Jim Bond: The Role Exercise Played in My 26-Year Survival of Myeloma

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Meet Jim Bond, a 26-year multiple myeloma survivor who says that exercise is “one of the key reasons that I’m alive today.” Jim shares his exercise journey and explains how cycling regularly and participation in The American Cancer Society Pan Ohio Hope Ride made a critical difference in his course of treatment. Watch now to find out more.

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Andrew Schorr:

So, Jim, you've been through a transplant. You've been 26 some-odd years, you're riding a bike, you've been in and out of hospitals, and have had your highs and lows. First of all, about exercise—Jim Bond, what would you say to people about the benefit of exercise when you have this diagnosis?

Jim Bond:                    

I’d say it’s one of the key reasons that I’m alive today. And Alex, I agreed with everything you said. And I’d just like to add a couple of personal notes on my diet. I have gone through four stem cell transplants and what I made myself do is get out of bed starting with the first one. 

And it was hard because I was knocked down with the drugs they gave me, but I found that by getting out of bed, and then when I was able to take a few steps and then walking around the floor pulling my IV behind me, it gave me—it would tire me out, keep me from sleeping in the afternoon, and it actually helped stimulate my appetite. 

So, I would recommend that you try that as much as you can. If you can’t get out of bed yet, I made myself sit up in the bed as long as I could. And that sounds trivial but at times it was not trivial.  

Alexa, my wife Kathleen, who’s my caregiver, she found a high-calorie, high-protein drink that she brought in. and I found different flavors worked for me. Orange was my favorite but that was to me, is what was key. I found what appealed to me foodwise and I just ate as much of that as I could. I didn’t worry too much about three food groups, I was too sick.

Alexa Welch:              


Jim Bond:                    

But when I found something that worked for me, I would do it, I would also order all three of my meals when I woke up in the morning. And when they arrived that gave me the motivation to, okay, try something. If I put off ordering then I might not even have the desire to order, so that was a little bit helpful for me.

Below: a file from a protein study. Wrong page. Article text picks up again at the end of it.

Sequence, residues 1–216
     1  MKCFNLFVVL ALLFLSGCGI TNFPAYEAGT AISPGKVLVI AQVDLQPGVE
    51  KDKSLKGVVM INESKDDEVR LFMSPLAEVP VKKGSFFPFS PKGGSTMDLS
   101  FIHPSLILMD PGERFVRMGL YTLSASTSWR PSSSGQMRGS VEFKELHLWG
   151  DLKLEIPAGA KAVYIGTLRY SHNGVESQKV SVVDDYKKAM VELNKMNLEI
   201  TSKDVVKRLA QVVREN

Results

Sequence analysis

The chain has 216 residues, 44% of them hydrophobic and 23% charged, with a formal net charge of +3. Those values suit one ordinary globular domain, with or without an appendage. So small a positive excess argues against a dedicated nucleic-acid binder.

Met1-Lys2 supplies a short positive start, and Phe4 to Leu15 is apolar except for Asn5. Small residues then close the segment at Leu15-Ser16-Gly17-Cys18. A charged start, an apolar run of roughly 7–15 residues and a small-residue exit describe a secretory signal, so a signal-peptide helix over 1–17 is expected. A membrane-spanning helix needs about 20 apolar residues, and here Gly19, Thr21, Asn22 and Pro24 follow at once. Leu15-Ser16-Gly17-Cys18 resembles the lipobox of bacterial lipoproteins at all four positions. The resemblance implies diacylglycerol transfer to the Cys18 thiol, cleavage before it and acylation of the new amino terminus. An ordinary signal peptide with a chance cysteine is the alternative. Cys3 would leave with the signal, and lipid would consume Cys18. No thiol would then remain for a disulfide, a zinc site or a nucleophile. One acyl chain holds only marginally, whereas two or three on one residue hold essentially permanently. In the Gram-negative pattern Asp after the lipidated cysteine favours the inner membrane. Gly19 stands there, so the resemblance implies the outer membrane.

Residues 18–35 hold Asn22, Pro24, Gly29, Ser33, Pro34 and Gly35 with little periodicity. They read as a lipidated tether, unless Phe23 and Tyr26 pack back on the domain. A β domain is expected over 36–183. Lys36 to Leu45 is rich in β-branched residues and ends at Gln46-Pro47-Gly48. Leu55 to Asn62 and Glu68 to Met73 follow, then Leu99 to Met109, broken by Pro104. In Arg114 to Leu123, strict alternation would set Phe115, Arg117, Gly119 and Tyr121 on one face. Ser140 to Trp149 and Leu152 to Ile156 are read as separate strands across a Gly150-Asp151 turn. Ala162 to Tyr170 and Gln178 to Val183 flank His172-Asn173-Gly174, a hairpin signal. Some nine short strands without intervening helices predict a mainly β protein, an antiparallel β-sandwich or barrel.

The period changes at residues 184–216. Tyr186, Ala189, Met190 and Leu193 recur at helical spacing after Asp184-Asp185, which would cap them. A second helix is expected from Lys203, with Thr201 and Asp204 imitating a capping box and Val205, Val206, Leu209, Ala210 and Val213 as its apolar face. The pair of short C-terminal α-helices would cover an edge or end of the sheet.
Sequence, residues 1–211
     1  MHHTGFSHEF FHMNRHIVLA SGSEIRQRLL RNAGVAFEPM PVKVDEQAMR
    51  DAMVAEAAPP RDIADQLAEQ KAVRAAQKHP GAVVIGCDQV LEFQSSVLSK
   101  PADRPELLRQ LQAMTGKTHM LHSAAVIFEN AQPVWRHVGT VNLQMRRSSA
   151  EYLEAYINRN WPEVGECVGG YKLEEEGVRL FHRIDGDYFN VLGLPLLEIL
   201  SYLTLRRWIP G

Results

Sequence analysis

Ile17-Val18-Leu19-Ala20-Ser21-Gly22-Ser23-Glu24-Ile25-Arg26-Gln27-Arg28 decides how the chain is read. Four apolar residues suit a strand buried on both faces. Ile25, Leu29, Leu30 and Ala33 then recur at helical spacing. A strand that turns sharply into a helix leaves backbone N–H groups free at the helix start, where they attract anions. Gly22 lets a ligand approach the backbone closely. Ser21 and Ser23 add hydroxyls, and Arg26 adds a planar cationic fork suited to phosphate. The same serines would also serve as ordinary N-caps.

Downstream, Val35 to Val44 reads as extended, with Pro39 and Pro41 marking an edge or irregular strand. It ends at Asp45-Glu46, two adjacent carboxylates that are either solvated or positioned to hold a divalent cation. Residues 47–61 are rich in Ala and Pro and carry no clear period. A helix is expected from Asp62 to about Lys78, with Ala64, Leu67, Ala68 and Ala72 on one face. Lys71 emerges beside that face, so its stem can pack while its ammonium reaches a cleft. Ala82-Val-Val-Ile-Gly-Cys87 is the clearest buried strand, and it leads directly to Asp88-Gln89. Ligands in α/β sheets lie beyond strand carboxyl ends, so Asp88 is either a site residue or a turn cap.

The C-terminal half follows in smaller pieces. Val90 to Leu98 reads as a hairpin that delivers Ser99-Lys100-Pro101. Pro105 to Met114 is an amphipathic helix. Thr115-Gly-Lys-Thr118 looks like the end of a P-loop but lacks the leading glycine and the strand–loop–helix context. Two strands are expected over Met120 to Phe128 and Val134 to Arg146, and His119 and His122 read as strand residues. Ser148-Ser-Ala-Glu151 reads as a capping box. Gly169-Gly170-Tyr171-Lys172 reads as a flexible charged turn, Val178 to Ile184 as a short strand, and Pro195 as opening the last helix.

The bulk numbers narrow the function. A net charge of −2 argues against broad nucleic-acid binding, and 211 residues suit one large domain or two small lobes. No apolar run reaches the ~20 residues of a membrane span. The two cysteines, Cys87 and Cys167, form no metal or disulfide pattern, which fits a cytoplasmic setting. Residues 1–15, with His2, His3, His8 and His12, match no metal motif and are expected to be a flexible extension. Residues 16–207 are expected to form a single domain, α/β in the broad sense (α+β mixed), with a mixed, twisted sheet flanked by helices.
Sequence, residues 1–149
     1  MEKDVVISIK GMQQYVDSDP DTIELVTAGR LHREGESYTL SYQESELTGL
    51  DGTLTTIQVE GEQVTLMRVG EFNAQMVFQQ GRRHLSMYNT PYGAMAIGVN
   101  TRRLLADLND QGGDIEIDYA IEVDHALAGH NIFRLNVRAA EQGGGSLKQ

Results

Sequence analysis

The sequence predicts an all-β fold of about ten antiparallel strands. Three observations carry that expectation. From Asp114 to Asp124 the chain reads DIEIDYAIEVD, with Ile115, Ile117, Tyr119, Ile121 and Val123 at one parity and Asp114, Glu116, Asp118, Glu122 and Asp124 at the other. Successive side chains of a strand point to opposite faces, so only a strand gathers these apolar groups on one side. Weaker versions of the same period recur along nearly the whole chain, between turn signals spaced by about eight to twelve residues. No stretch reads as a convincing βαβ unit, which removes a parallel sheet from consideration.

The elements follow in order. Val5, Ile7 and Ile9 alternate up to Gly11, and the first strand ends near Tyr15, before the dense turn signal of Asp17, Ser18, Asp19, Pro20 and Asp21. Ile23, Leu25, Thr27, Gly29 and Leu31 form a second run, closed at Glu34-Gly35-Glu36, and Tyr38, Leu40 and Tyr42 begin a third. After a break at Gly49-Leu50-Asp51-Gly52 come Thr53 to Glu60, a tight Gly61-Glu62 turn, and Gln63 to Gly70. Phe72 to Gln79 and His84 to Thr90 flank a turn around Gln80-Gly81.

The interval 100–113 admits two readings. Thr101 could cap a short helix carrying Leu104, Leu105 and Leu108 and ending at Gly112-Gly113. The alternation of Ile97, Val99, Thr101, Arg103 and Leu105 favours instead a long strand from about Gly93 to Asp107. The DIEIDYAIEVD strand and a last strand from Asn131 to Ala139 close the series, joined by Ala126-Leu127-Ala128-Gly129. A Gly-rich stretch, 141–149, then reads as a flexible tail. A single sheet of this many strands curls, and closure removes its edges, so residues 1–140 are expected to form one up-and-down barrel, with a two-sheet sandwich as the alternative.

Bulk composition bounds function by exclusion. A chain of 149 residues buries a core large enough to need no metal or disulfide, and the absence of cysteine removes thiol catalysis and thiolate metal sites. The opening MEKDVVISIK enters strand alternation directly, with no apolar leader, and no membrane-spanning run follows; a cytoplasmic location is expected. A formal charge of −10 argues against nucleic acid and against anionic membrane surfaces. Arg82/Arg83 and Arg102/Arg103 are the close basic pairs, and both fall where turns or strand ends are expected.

But exercise has been key throughout my battle with cancers. In fact, exercise saved my life, as you referred to earlier. I was 64 years old. I had lived with myeloma successfully for, I don’t know, many years and then I got leukemia, and it was kind of the leukemia that’s treatment-related and they said, “Hey, Jim, the only way you can live is by getting yet another transplant.”

So, they threw me in the hospital for what turned out to be three months solid. They got my leukemia down, they found a match on the matching database. They came in my room and I was thrilled. I said, “Great, when do I get the stem cells?” And they said, “Well, we're not sure you can live through another transplant,” and I said, “But that's the only way I can live.” And he said, “But we can't kill you.” 

So, I pleaded my case. They came back and they said, “Jim, the doctors who are voting against you on our committee, they changed their mind and voted yes when they heard that two months ago you cycled 328 miles, four days in The American Cancer Society Pan Ohio Hope Ride a month ago.” 

So, the exercise of not only training and riding on the bike, but just every day doing something, that saved my life because they were not going to give me that, it turned out to be a German woman’s stem cells. They said I was not a good risk until they heard what exercise did for me. And that’s really been true all through this thing. 

By exercising, doing something every day, I think it made my body able to take more and more treatments, because as we know, today myeloma is still not curable. So when it comes back I want to be as strong as I can to make myself tolerate another one. 

Now, each day what I think of is my mantra, is to be on my feet not on my seat. And right now, I’m standing up, talking to you because I think even standing is better than sitting. And Melanie’s great guidance at a seminar that we were at helped me understand that walking is really good for us and standing is better than sitting. Sometimes it’s hard but I make myself do that.

Please remember the opinions expressed on Patient Power are not necessarily the views of our sponsors, contributors, partners or Patient Power. Our discussions are not a substitute for seeking medical advice or care from your own doctor. That’s how you’ll get care that’s most appropriate for you.

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Page last updated on January 22, 2019